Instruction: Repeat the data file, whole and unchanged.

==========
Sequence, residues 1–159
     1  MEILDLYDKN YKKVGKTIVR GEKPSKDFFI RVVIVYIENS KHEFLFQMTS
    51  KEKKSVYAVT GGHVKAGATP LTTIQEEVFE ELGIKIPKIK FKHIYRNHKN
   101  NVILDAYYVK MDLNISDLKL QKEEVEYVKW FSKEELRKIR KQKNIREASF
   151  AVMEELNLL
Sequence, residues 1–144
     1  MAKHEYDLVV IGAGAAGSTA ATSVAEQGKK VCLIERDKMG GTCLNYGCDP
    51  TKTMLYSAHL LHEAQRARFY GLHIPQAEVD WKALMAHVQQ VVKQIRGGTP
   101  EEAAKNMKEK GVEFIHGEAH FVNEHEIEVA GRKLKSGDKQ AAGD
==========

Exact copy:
Sequence, residues 1–159
     1  MEILDLYDKN YKKVGKTIVR GEKPSKDFFI RVVIVYIENS KHEFLFQMTS
    51  KEKKSVYAVT GGHVKAGATP LTTIQEEVFE ELGIKIPKIK FKHIYRNHKN
   101  NVILDAYYVK MDLNISDLKL QKEEVEYVKW FSKEELRKIR KQKNIREASF
   151  AVMEELNLL
Sequence, residues 1–144
     1  MAKHEYDLVV IGAGAAGSTA ATSVAEQGKK VCLIERDKMG GTCLNYGCDP
    51  TKTMLYSAHL LHEAQRARFY GLHIPQAEVD WKALMAHVQQ VVKQIRGGTP
   101  EEAAKNMKEK GVEFIHGEAH FVNEHEIEVA GRKLKSGDKQ AAGD